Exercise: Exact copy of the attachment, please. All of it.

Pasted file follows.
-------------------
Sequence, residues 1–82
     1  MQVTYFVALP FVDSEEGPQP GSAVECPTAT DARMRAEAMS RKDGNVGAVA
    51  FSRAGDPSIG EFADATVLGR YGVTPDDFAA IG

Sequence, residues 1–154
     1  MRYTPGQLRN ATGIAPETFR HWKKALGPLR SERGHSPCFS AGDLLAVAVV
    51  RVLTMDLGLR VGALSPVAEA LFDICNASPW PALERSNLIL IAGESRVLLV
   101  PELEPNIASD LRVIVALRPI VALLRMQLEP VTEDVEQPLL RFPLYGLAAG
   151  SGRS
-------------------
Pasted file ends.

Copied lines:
Sequence, residues 1–82
     1  MQVTYFVALP FVDSEEGPQP GSAVECPTAT DARMRAEAMS RKDGNVGAVA
    51  FSRAGDPSIG EFADATVLGR YGVTPDDFAA IG

Sequence, residues 1–154
     1  MRYTPGQLRN ATGIAPETFR HWKKALGPLR SERGHSPCFS AGDLLAVAVV
    51  RVLTMDLGLR VGALSPVAEA LFDICNASPW PALERSNLIL IAGESRVLLV
   101  PELEPNIASD LRVIVALRPI VALLRMQLEP VTEDVEQPLL RFPLYGLAAG
   151  SGRS